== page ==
The Gospel for this Sunday is already preparing us for the great Pentecost event. When you think of the Holy Spirit, do you envision tongues of fire, a fiercely driving wind or, like the prophet Elijah, the Holy Spirit as a quiet gentle stirring? For most of us, the first image that comes to mind is a white dove.
Doves are very gentle creatures. They are symbols of love, peace or one who brings a message. A dove is monogamous — a bird of tender and devoted affection. It is faithful for a lifetime. Often the low, cooing sound of a dove serves as mournful imagery of one who suffers.
The dove is mentioned about 50 times in the Bible and is the first bird to be mentioned in the Scriptures (Genesis). The most familiar dove imagery from the New Testament is recounted in all four of the Gospels (though in varying forms) with the Holy Spirit as a dove, descending on Jesus at his baptism. Art images of the Annunciation show the Holy Spirit as a dove, coming down toward Mary on beams of light.
In the fourth century, St. Basil makes mention of tabernacles, fashioned in the shape of “the eucharistic dove” suspended by chains hung above the altar. “And the Holy Spirit in the form of a dove has robed Christ in honour.”
A tabernacle of this style is still in use today in the Bethany Chapel in the Archdiocesan Pastoral Center of the Archdiocese of Boston.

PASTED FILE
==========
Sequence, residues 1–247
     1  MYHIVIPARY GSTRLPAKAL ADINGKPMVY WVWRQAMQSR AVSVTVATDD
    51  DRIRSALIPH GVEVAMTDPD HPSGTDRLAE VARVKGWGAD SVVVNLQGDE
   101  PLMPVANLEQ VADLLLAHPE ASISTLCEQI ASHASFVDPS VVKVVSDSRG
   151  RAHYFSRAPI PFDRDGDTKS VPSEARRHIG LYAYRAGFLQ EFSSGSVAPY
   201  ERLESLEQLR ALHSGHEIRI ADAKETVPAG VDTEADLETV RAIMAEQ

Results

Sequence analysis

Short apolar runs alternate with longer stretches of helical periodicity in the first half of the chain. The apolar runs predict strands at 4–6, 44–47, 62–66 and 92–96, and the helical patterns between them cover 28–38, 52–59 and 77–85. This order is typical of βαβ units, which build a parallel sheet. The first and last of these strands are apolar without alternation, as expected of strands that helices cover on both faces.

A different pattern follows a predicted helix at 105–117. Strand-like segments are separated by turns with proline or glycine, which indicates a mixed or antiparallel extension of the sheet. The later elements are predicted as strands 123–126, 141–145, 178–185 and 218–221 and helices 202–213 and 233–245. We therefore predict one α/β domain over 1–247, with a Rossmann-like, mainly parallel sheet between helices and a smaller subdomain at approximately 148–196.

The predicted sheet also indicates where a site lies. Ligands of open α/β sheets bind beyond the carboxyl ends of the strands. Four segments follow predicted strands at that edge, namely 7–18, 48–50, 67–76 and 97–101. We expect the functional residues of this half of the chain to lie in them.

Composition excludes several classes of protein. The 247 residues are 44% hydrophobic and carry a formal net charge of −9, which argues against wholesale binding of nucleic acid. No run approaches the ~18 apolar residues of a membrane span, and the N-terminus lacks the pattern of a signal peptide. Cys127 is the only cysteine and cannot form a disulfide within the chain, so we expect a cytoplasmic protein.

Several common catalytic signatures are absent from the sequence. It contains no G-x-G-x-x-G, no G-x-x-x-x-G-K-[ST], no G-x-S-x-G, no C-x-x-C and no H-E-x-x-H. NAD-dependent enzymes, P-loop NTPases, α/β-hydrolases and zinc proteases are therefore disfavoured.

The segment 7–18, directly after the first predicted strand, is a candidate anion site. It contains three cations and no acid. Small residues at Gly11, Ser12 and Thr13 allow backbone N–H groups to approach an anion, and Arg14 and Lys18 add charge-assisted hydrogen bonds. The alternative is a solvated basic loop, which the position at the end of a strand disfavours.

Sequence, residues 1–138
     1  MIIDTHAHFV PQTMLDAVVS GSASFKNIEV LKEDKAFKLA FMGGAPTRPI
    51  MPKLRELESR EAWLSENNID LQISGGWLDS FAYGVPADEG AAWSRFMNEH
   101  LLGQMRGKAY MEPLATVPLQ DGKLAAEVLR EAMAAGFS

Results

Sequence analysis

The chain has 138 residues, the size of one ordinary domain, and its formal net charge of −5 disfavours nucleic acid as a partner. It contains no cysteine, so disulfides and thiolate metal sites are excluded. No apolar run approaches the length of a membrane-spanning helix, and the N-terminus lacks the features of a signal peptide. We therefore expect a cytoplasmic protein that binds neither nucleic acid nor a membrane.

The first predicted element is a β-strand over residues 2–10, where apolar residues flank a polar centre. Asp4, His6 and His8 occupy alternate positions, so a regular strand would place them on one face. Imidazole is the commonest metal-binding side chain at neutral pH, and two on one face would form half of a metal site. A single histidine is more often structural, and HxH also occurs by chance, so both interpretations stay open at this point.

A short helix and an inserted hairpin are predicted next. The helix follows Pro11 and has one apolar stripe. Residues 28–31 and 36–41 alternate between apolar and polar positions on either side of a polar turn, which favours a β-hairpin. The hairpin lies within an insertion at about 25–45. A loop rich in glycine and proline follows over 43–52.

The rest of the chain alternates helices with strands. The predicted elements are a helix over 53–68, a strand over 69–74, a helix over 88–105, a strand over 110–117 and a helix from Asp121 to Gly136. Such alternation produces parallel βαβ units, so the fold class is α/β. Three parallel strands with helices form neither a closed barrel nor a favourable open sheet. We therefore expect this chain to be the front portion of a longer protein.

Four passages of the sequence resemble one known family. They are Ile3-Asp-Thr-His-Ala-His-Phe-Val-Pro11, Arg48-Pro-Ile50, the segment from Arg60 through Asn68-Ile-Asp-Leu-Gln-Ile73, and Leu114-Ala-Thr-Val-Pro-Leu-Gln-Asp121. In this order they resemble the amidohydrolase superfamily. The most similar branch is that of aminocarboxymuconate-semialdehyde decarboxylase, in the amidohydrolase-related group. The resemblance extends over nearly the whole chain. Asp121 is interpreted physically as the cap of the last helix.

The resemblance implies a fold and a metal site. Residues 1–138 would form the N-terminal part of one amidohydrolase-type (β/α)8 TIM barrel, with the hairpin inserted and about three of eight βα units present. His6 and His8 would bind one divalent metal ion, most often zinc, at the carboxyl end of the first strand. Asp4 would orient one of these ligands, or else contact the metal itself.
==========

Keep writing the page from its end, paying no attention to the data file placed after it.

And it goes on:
Take time this weekend to look around your church. It probably will not take you long to find the representation of a dove in the windows, art or sculptures. You may even find a rendering of the Holy Spirit (dove) with the head surrounded by a round halo, which represents holiness. Three rays indicate that the Holy Spirit is one of the three persons of the blessed Trinity.
In doing research for this article, perhaps the most unusual information I came across as to why the dove is used as a Christian symbol for the Holy Spirit comes from Ireneaus in the second century. He states that “the number 801 is both the sum of the numeric values of the letters of the word ‘dove’ (in Greek) and the sum of the numeric values of the letters Alpha and Omega, which refers to Christ.” His discovery might lead one to the conclusion that possibly Ireneaus was either a mathematical savant, or a man with way too much time on his hands!
Zahorik is pastoral associate at Most Blessed Sacrament Parish, Oshkosh.